In Andhra Pradesh, the seventh grade board exams are the first milestone in a student’s life. In my case, they turned out to be a particularly memorable event, teeming with high drama. A few days before the exams, much to my horror, the Principal of the school notified my family that if they did not pay the arrears of school fees for the entire year, I would not be allowed to sit for the board exam. It was a nightmare! While the rest of the class was putting in long hours of study I was anxiously pacing the floor, waiting to hear if my parents, through some miracle, had been able to raise or borrow the money to pay the fees.
All too soon it was the first day of the exams … and the fees had still not been paid. While I was getting ready to go to school I wondered what I would do if the authorities barred me from entering the classroom. My future looked bleak and uncertain, but I tagged along with my parents while they made a last-ditch attempt to rustle up the money. We knocked on the doors of some relatives and friends, but in vain. They either couldn’t or wouldn’t give us the money; and my desperate pleas for help went unanswered. I started crying, and curious onlookers looked askance at me. They were probably wondering why a big boy was walking along with his parents, sobbing uncontrollably, when there were no other schoolchildren anywhere in sight.
It was unthinkable that I would not be able to write the exams. It meant that I’d have to repeat the seventh grade with my juniors, or drop out of school altogether. I had always been among the top five students in class, and was all set to write the exams. Why was I being punished for something that was no fault of mine? Eventually, my parents decided to take a chance, plead our case in school, and beg the Sisters for a reprieve.
Unknown to me, a different drama was unfolding in school. That year, ours was the first school on the list of roll numbers. So there was a distinct likelihood of officials from the Education Department coming to inspect the arrangements that had been made there. Also, there was the possibility of the Education Inspectors quizzing the school authorities about the conspicuous absence of a student in the very first row of the very first class in the very first school that they visited. (My roll no, 5E, was somewhere at the top of the list, which meant that my seat would have been in the first row.)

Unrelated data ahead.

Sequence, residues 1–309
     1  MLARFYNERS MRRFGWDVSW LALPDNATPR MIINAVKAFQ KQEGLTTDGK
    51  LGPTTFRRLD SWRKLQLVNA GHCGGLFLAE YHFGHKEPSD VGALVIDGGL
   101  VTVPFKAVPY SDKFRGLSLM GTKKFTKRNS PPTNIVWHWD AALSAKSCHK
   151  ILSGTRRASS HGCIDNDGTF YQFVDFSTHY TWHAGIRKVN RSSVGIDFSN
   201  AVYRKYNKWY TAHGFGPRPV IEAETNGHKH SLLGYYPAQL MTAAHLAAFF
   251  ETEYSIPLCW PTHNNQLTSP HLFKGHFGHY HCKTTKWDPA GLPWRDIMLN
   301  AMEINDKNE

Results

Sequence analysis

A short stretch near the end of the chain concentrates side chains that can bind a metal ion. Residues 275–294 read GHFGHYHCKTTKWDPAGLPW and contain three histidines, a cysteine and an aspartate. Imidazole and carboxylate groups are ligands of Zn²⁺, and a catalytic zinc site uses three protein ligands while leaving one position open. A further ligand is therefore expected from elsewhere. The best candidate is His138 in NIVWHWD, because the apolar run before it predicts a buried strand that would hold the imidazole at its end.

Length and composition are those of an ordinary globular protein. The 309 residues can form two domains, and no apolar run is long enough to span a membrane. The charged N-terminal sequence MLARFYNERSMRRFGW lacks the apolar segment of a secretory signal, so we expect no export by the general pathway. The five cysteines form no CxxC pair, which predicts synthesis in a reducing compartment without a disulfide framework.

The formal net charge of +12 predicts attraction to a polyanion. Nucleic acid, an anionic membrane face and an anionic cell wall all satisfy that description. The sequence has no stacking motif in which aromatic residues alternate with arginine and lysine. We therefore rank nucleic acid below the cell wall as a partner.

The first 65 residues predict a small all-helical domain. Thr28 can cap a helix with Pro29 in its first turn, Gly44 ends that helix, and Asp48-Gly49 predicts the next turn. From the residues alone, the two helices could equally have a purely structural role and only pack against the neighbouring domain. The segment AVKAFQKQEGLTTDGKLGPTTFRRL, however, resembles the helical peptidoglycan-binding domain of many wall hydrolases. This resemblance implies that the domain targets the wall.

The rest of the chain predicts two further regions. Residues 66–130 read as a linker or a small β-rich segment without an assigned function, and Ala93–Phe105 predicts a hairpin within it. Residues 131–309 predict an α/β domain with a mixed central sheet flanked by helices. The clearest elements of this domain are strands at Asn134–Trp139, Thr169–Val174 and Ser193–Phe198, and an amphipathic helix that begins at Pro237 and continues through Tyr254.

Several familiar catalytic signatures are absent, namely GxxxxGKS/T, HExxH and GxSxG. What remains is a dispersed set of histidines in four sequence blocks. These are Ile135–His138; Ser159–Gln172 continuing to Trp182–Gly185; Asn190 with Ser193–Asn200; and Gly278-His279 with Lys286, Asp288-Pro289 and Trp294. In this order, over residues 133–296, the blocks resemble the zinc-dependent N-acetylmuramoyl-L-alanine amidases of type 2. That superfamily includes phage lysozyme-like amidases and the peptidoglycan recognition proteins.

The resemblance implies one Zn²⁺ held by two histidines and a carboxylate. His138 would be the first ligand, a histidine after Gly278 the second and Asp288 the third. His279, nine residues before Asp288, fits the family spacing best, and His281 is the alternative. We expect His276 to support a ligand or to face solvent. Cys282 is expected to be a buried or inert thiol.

Anticipating all those complications, the school authorities backtracked from the hard line they had taken regarding my fees. They sent two of the teachers to fetch me. But by then, all of us had left the house to borrow money for the school fees, so the teachers found the door locked. And no one could tell them where we were. They panicked-we were already panicking elsewhere! -and everyone was so frantic by the time I reached the school gates that a hero’s welcome awaited me. (I think I would have killed myself that day, or maybe, beaten up someone in school, had I been prevented from writing the exams.)
All my classmates were already at their desks. I was completely drained and traumatized because of the goings-on, and was probably red in the face from all the crying. A few teachers converged quickly, offered me a glass of water, and then ushered me into the exam hall. Through the window, I could see my anxious parents waiting for me to start writing. It took a few minutes to still my nerves and pick up the pen. And then, my fingers flew across the answer sheet without pause, for I knew the answers.
So after all the drama, I managed to write the exams, after all. Of course, when the results came in, the mark sheet was given to me only after the last rupee due had been paid. By God’s grace, 5E had scored well. On my way out of the school building, I compared my Telugu marks with my bete noire, Rajani, who was my most bitter competitor in Telugu and a vigorous boy hater. I had the last laugh for my marks were way better than hers. But those were small joys.
I’d got decent marks in the seventh class exam, and was encouraged to apply for admission in a better school although my parents had no idea how they would find the money for the higher monthly fees, books and other expenses. Eventually, I joined the popular St Mary’s High School, which was a long way from home. And that meant I had to take the bus to school. Or walk, when there wasn’t any money for the fare. Now, a five-kilometer walk on an empty stomach is not exactly a perfect beginning to a long day, especially if you need to exercise your grey cells. I certainly would not recommend it. But then, I did not have the luxury of any other options. Yet I loved school for it provided me with an escape from the perennial conflicts that were tearing our home apart-a home that once had been full of laughter, hope and happiness.